Canada: Implement the UN Declaration on the Rights of Indigenous Peoples
It’s been a decade since the United Nations adopted the Declaration on the Rights of Indigenous Peoples. It has been more than three decades since the process to develop this human rights instrument first began.
During this time, Canada’s position on the Declaration has changed repeatedly with the election of new governments and even with changes in Cabinet.
Under Prime Minister Justin Trudeau, the federal government has now made numerous, welcome commitments to respect and uphold the UN Declaration.
Words alone, however, are not enough.
Concrete implementation of the Declaration is overdue. This requires the federal government to work with First Nations, Inuit and Métis peoples to carry out concrete reforms to Canada’s laws and the government’s programmes and priorities.
Critically, the commitment to uphold the Declaration, and the process for achieving this objective, need to be enshrined in national legislation so that it is not readily abandoned on the whim of politicians.
A private members bill now before Parliament -- Bill C-262 -- would establish an overall legislative framework for government to work with Indigenous peoples to develop a national action plan for implementation of the Declaration. The Bill also requires regular reporting to Parliament on the progress being made.
Amnesty International has joined Indigenous peoples’ organizations in urging the federal government to embrace and build on this approach.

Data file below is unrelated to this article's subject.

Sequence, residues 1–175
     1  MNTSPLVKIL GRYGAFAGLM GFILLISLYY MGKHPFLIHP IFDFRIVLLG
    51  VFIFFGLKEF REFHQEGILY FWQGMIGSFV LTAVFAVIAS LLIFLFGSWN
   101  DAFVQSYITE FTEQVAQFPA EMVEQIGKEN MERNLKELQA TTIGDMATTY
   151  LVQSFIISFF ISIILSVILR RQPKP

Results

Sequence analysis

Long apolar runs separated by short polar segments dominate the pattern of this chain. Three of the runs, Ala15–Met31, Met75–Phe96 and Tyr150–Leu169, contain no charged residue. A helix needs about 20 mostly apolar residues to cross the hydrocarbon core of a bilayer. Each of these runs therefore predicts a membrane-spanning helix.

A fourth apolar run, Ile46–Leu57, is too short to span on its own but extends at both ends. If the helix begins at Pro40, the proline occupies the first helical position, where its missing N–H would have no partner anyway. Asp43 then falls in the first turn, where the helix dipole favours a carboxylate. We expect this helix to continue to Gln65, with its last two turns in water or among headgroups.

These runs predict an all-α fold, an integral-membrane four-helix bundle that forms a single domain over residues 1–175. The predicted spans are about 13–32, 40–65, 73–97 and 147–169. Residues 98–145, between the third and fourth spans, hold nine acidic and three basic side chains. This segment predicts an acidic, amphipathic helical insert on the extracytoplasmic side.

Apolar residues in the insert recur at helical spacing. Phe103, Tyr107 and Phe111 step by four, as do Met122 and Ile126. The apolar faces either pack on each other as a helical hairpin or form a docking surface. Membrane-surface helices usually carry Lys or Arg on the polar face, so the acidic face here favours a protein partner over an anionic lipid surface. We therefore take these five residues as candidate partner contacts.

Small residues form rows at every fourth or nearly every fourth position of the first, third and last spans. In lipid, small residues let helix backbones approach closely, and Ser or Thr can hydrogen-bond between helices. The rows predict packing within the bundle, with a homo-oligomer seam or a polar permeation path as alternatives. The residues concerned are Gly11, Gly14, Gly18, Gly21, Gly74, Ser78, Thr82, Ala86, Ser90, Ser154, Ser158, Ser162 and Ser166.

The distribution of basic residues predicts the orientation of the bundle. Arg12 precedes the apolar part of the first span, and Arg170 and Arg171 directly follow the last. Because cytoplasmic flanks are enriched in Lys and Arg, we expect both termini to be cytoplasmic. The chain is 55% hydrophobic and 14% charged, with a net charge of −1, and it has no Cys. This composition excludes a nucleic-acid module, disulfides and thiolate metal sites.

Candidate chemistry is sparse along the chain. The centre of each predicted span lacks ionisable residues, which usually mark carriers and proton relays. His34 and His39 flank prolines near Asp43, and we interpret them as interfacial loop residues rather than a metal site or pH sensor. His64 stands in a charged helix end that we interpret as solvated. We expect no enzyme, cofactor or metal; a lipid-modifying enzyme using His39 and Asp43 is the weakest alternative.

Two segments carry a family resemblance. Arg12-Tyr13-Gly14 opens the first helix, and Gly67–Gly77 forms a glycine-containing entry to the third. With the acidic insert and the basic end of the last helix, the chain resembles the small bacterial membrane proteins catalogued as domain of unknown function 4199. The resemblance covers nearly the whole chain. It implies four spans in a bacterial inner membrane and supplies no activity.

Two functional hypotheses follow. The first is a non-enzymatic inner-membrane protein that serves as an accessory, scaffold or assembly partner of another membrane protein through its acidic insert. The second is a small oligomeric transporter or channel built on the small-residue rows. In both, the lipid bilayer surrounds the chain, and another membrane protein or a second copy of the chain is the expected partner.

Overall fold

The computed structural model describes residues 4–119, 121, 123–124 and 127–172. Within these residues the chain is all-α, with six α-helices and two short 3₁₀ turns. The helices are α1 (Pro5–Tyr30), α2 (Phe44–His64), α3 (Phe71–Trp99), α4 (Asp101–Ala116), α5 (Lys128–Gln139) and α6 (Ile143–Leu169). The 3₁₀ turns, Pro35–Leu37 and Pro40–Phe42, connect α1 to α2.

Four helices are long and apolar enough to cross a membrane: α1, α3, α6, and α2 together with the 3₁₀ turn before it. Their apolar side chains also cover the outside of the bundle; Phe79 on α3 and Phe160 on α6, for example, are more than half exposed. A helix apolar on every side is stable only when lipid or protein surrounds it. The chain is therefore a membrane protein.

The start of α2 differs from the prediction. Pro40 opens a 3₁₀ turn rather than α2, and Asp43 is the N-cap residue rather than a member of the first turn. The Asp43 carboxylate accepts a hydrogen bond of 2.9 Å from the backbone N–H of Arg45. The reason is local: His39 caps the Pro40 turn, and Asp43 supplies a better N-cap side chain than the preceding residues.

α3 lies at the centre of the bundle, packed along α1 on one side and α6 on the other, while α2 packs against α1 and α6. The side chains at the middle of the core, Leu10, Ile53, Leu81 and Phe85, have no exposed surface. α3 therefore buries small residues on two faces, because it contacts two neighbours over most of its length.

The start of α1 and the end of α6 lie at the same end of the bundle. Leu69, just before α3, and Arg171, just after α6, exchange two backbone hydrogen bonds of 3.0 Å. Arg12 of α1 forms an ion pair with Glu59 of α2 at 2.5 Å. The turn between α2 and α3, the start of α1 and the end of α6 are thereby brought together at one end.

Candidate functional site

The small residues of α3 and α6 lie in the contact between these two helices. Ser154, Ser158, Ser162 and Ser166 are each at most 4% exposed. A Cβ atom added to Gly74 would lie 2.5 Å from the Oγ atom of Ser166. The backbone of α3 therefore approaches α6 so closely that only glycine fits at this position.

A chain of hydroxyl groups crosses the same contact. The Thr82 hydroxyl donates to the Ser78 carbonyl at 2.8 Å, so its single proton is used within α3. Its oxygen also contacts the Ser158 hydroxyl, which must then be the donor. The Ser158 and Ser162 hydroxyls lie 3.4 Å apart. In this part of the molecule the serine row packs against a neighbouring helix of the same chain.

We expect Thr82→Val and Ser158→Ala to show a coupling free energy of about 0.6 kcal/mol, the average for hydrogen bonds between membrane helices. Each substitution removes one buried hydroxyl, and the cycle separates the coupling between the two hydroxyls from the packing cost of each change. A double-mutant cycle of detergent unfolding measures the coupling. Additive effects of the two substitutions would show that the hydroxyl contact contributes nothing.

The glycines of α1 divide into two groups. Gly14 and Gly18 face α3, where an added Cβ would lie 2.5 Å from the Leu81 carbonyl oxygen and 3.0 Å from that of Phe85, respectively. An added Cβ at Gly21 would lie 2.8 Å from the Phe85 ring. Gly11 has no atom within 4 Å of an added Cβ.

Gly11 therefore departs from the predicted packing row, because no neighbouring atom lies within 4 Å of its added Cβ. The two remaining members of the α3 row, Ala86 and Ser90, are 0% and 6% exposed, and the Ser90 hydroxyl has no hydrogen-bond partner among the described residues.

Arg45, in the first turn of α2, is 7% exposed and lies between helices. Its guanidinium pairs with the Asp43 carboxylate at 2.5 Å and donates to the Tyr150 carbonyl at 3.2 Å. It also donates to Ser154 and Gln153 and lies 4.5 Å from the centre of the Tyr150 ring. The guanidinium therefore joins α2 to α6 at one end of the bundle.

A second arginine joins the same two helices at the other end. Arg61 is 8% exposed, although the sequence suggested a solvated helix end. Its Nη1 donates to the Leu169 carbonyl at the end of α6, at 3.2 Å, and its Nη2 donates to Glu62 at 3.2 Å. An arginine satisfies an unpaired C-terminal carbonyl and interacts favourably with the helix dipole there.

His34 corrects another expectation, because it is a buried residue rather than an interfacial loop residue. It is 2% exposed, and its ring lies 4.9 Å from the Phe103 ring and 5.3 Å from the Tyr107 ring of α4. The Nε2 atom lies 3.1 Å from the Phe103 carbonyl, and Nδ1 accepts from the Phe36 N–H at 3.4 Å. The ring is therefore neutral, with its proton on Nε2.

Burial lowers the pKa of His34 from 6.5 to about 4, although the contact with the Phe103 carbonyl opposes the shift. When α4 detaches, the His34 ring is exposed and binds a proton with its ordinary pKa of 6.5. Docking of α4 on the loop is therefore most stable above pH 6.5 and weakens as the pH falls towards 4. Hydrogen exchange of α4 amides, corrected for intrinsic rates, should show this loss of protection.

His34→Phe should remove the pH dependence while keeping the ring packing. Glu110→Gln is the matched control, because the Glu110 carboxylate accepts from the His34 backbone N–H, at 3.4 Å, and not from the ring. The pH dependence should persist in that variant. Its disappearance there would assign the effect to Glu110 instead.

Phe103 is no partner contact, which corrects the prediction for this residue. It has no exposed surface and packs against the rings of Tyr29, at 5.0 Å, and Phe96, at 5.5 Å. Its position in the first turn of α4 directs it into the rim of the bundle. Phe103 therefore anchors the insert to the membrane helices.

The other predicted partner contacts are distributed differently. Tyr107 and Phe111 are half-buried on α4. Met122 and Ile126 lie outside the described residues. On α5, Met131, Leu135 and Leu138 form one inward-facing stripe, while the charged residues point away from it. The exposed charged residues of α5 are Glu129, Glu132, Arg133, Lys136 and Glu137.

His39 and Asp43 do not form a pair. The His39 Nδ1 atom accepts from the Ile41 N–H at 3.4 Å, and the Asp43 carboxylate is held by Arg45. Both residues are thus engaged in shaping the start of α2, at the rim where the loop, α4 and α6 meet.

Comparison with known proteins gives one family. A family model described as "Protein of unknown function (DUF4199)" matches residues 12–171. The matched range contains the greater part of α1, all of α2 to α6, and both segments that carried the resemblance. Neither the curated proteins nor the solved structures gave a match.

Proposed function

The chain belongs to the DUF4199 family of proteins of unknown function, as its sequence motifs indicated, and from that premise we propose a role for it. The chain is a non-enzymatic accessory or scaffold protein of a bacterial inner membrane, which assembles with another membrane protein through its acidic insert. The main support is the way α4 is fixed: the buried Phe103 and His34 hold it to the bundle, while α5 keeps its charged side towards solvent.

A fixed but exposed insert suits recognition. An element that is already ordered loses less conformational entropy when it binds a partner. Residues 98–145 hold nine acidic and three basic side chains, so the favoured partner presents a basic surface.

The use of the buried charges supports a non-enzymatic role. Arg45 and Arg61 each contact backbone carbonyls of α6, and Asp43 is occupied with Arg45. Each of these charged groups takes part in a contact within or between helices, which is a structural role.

Please write to your Member of Parliament expressing your support for national legislation reflecting Canada’s commitments to uphold the human rights of Indigenous peoples.
You can find your MP's name and their address here.
Please consider making the following points:
- The federal government’s public support for the UN Declaration on the Rights of Indigenous Peoples is important and welcome, but we need concrete measures to put its provisions into practice.
- Implementation of the UN Declaration is too important to the future of Canada to go forward on a haphazard or piecemeal basis.
- In August, the UN Committee on the Elimination of Racial Discrimination called on Canada to establish a legislative framework to guide and ensure full implementation of the Declaration.
- The private members bill introduced by Romeo Saganash, Bill C-262, provides a formal framework for collaboration between the government and Indigenous peoples and for accountability to Parliament for the progress that is made.
- All Members of Parliament should embrace the approach to implementation set out in Bill C-262 as essential to meeting Canada’s commitments to respect and uphold the human rights of Indigenous Peoples.
- Parliament should pass national legislation providing an effective, sustainable framework for full implementation of the UN Declaration.
- A crucial element of such legislation should be a commitment to work with Indigenous peoples on a collaborative and inclusive basis in developing a national action plan to set priorities and goals for implementation.